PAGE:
Tim Armstrong, former Berkman fellow and now a prof at the U of C, writes: “… the permanence of networked information has costs, too, which (like the benefits) are only beginning to be explored. Members of the generation just behind mine, who have grown up reflexively creating and posting information online, are learning that digital is forever — if you’re a job applicant (or even a camp counselor), anything that has ever been written by (or about) you online is, at least potentially, still there. (Back in my day, we used goofy aliases to hide our online identities; but I gather that practice has been fading.) Once information is online, it turns out, it may becomes quite hard ever to get it back offline again — the Wayback Machine preserves old web pages; Google Groups archives Usenet posts; and it’s only a matter of time before somebody comes up with the magic bullet that automatically archives IRC and IM conversations and makes them searchable. Even your deleted e-mails aren’t necessarily gone; they may still exist on backup tapes where law enforcement authorities can get them. The durability of digital content raises problems that touch on both informational security and individual privacy.”
A call to action: the security infrastructure for RSS is not where it needs to be for the mainstreaming of this technology to work and to be adequately protective of user privacy.
I was resetting my Bloglines account this morning, adding some new feeds, taking out some that I don’t read, and so forth. I searched on a friend’s web moniker (“Whirlycott”) to find whatever feeds he might be offering. Up popped a feed related to a web-based invoicing service he uses entitled (“[His Name] Invoices”) to which I could subscribe in Bloglines. I am not sure what it would have rendered — I did not subscribe! — but I thought it worth mentioning to him. It turns out he has been mad about this privacy problem for months. His initial post, worth reading and reviving as an issue of public discussion, is here.
I credit the fact that this may not be (just) a “Bloglines issue” but rather an “RSS industry” issue. But it’s a real problem if we are to continue to express ourselves via these citizen-generated media tools that offer RSS feeds, and moreso if we move into the promising realm of using RSS feeds to support other productivity-type tools. The privacy problems that already exist in cyberspace are enough to tackle; we need to get in front of an RSS privacy problem before it grows into yet widespread issue. After this morning’s experience, it’s clear to me it’s already a problem.
(Following the thread a bit, there’s another post in the series, including, some months ago, a note from someone appearing to be with Bloglines saying that they know it’s a serious problem. How can we fix it, gang? If it’s not a Bloglines-only issue and it’s a community issue, what has to get done?)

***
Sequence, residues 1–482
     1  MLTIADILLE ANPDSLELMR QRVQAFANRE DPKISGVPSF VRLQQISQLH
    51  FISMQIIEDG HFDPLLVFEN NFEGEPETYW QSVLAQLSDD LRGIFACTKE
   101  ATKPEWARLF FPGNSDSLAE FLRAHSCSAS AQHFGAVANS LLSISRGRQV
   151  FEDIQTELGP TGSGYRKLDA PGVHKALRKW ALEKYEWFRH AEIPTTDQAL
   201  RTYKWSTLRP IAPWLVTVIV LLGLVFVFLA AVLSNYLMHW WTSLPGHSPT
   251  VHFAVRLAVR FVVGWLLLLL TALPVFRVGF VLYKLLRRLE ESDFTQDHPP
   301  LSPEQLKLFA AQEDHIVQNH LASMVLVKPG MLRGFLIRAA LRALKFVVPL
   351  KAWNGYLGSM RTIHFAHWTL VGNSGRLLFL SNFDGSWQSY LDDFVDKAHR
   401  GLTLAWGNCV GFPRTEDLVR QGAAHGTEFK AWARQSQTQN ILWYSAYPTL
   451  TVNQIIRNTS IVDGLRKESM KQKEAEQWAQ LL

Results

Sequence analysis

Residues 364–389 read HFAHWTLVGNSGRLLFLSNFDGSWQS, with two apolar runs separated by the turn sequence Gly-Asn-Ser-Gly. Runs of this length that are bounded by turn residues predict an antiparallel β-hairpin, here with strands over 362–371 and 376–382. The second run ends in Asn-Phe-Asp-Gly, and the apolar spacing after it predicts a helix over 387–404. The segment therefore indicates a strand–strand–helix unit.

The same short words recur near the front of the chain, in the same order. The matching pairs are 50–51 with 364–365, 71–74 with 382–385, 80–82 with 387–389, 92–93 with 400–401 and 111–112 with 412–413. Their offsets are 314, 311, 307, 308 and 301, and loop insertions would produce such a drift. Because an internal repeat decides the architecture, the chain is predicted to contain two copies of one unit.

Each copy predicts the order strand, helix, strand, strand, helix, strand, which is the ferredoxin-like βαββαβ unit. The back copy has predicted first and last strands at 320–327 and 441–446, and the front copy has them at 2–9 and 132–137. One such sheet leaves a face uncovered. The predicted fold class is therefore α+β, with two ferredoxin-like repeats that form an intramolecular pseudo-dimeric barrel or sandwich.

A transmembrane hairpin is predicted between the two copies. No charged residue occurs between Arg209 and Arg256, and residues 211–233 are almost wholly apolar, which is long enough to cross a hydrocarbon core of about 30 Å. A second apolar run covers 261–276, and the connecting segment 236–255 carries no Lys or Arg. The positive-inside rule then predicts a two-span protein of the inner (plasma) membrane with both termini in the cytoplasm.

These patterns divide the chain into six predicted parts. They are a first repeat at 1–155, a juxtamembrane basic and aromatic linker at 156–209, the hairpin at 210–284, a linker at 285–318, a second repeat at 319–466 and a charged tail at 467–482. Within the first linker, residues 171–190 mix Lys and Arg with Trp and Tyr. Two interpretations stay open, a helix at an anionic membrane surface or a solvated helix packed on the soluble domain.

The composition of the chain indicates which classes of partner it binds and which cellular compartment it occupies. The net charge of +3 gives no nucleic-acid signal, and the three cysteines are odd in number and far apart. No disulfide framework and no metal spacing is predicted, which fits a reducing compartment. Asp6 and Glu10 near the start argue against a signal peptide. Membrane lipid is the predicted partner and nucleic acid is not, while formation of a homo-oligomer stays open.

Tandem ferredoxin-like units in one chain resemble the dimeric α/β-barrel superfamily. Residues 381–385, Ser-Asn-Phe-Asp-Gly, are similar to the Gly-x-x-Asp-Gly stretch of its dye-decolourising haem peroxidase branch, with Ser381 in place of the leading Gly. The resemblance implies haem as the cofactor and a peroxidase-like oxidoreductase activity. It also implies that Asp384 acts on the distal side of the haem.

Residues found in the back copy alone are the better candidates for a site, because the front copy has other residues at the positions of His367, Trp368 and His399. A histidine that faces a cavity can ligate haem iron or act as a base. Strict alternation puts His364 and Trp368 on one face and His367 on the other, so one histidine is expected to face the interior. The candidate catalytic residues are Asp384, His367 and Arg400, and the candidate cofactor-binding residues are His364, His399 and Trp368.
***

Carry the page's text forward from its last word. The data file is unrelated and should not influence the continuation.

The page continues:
The combination of our conference this week on digital identity, JZ’s paper and forthcoming book on Generativity and his OII inaugural lecture, this morning’s WSJ, and all manner of other things has convinced me that we need a new framework for thinking about privacy and security in the digital world.
On a plane this morning from SFO-PDX, I read found (at least) three articles that made this problem plain to me, again. One was the piece on the Consumer Privacy Legislative Forum’s day on the Hill yesterday (see the CDT et al. statement), in the context of which Meg Whitman of eBay and Nicole Wong of Google and others made the case for laying “a foundation for a long-term approach to privacy protection” (Whitman, as quoted in the WSJ). Wong wrote, correctly in my view, that “this matrix of [privacy/security] laws is complex, incomplete and sometimes contradictory.” She went on to say: “On an Internet beset with spyware, malware, phishing, identity-theft, and other privacy threats, enforcement of privacy protections has become an industry-wide challenge.” The WSJ story on MySpace and its advertiser relationships — in the wake of a $30 million lawsuit against the company related to online safety of a user — made the same point, implicitly. A nice Web2.0 story on Boston-based Tabblo didn’t have to make the point that anyone can post online photos about anyone, mash them up into a collage, and publish — to anyone else, and everyone else.
The creative opportunities of the web have never been more wonderful and should be embraced. But the privacy and security stakes are rising as we bring our digital identities come online, more and more, and as our digital native children start to experience the good and the bad of this brave new world. What’s the role of schools, and universities, and parents, and kids, and companies, and governments? As the wisdom of the crowd is relied upon to make more and more decisions, what’s the due process when your privacy and security is at stake, if things go wrong? JZ has some good ideas, and so do others. We need to get on with the planning and the building of this foundation, and fast.
(If you’re having trouble grasping the digital ID part of this equation, zip over to ZDNet, where David Berlind does his usual amazingly lucid job of putting it all in context in his review of the Higgins Trust Framework — and n.b. the “spectrum” that he describes, which is right on. Berlind writes: “By the end of the panel, I was visualizing a spectrum of attitudes about technological expression of identity that range from the very negative to the very positive. On one end are the warning signs about what could happen if the right checks, balances, and governance aren’t in place. On the other end is hope. Hope that idenitity could be tapped in a fashion that serves the greater social good.”)